Will Gluck is Not a Gossip

By

Published September 15, 2010

EMMA STONE IN EASY A

 

 

In Easy A, opening tomorrow nationwide, director Will Gluck gives Nathanial Hawthorne’s The Scarlet Letter a modern update. Instead of  Hester Prynne in puritanical Boston, he gives us Olive–a long-legged high-schooler in skinny jeans fighting for her reputation in the retina-burningly bright Ojai, California. While it’s rife with high school movie clichés–a boy next door, a scorned best friend, and a culminating musical number–Gluck embraces the trappings of the genre and creates a film original and self-aware enough not to be derivitive.

In a break-out performance for actress Emma Stone, Olive is precocious without being cloying as she embraces her false rep as the school slut, before ultimately teaching herself and her friends a little life lesson. With great turns by a supporting cast of pretty young things, along with established older actors like Patricia Clarkson and a distractingly buff and tan Stanley Tucci as Olive’s parents, Easy A is a pleasure. Gluck called from an airport in Canada, where he’s filming Friends with Benefits to talk about John Hughes, Stone’s star turn, and how reputation-trashing and gossip happen everywhere, maybe even on his own movie sets…

BREE MCKENNEY: Before we talk about Easy A… how is filming going on Friends With Benefits?

WILL GLUCK: It’s going great, we were in New York before this and everything is going really well. We have an amazing cast: Justin Timberlake, Mila Kunis, Woody Harrelson, Emma Stone and Patricia Clarkson, again. Andy Samberg, Jenna Elfmann.

MCKENNEY: What attracted you to Easy A in the first place?

GLUCK: I was given the first draft of the script that Sony bought, and I liked it, and I said, “this is good, I want to do this,” and was told “oh no we didn’t give it to you to direct it, we just wanted your opinion” and I said “too bad–I’ve got it now.” And then I rewrote it, and cast Emma Stone as Olive after totally falling in love with her in her audition, and that all came together incredibly fast.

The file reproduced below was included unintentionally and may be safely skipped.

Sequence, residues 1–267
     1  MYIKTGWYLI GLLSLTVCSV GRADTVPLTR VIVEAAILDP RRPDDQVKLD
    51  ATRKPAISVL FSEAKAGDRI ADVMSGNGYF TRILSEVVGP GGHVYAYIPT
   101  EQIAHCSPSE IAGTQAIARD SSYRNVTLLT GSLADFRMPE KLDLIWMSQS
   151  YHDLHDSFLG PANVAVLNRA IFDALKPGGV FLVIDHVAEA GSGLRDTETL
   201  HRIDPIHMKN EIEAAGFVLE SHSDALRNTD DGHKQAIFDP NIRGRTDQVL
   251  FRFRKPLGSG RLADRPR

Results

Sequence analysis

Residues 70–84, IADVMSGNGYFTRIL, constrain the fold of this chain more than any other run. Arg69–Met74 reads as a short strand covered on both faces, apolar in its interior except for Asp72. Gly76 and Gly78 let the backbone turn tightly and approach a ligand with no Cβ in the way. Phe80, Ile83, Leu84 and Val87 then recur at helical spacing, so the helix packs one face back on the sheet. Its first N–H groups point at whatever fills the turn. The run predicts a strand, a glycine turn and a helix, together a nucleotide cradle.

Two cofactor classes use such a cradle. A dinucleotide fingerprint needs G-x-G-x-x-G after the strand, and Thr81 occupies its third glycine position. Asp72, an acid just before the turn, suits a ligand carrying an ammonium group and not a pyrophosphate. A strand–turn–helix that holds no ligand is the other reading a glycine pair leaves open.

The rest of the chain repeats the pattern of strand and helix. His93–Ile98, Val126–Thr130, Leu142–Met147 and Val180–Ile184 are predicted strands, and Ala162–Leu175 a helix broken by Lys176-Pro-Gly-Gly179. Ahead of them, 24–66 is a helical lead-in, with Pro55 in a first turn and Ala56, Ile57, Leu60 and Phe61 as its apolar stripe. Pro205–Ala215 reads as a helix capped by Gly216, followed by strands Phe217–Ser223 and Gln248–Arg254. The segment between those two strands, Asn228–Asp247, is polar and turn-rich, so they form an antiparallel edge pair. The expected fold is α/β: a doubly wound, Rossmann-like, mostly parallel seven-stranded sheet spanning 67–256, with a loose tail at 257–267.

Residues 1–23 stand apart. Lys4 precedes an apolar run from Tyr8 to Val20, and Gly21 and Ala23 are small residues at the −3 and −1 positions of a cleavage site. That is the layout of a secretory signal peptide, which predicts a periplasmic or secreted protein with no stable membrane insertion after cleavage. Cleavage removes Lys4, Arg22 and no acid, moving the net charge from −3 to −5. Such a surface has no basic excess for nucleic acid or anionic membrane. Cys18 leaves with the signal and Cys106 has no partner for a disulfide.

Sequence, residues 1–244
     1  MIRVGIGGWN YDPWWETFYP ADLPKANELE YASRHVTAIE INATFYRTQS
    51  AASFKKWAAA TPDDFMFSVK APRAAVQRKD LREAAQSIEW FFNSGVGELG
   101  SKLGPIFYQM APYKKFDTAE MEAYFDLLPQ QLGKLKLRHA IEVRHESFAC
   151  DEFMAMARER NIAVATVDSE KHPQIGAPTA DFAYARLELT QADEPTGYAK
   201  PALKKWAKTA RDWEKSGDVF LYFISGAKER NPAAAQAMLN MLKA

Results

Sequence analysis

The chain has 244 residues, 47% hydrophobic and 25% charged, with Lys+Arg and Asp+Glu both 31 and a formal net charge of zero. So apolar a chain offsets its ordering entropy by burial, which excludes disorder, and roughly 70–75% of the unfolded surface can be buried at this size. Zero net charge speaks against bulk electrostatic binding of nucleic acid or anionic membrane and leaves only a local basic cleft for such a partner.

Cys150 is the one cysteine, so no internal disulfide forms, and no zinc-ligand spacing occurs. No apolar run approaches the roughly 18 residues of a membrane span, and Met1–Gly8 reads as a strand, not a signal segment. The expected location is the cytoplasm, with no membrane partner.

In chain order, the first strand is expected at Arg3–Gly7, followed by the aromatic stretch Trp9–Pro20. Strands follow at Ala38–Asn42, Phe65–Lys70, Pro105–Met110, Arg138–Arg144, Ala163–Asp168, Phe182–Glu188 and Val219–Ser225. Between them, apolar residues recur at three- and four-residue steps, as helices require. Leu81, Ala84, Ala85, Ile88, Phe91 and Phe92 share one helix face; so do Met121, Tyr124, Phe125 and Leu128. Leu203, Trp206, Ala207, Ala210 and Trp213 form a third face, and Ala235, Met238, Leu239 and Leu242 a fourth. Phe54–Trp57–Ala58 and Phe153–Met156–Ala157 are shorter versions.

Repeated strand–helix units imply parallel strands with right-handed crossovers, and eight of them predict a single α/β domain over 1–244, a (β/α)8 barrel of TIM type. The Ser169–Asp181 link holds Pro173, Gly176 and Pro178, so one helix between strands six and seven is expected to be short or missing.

MCKENNEY: So Emma Stone was always your first choice for Olive, the main character?

GLUCK: Always. I had all the actors go home after their auditions and record a video diary, because Olive does that in the movie, and send it over to me. I had hers four hours later and I walked it over to the network and said, “here’s your Olive.”

MCKENNEY: There are so many references to other teen movies in Easy A–why did you make that choice?

GLUCK: In real life nowadays, kids define themselves by pop culture, but in so many movies and TV shows the teens act as if they live in a bubble. It was really important to me to that the characters have real cultural references, and that they acknowledge that they know this isn’t a new story, and their lives are framed by real pop culture.

MCKENNEY: Are teens today really referencing John Hughes movies? I hope so, but…

GLUCK: I guess that’s me, I suppose to be accurate I should have been calling on some early ’90s teen movies, but I just don’t care about those. I’m a huge John Hughes fan, I love John Hughes–I didn’t care.

MCKENNEY: The structure of Olive’s family is interesting in the film–the parents are super witty and relaxed. Patricia Clarkson’s character was so fun and laid-back, I wanted to hang out with her.

GLUCK: Here’s the thing: I made a point that I never wanted Olive’s family gathered around the dinner table. Families these days just don’t do that, which doesn’t mean they’re not a strong, loving unit. So they are non-traditional but traditional in their support. These parents allow Olive to make her own mistakes.

MCKENNEY: Was it a conscious choice to fill the supporting cast with so many young actors  (Penn Badgley from Gossip Girl, Cam Gigandet from Twilight, Amanda Bynes) who already had their own, probably obsessive, teen following?

GLUCK: No, I just cast them because they were good. I think it’s exciting to see young actors like Amanda Bynes in roles that were unlike what she’s done before.

MCKENNEY: You’ve said that this movie isn’t really about the high school experience.

GLUCK: Yeah, when we screened it for the international press the overwhelming response was how universal the story was, because it’s really about reputation. Rumors about sexuality, gossip, the ubiquity of Facebook and Twitter, these things are not specific to high school, this same story could happen in an office, among a group of friends. These things happen all the time on movie sets.

MCKENNEY: Oh yeah? Can you tell any stories about that?

GLUCK: No, no I don’t think I can!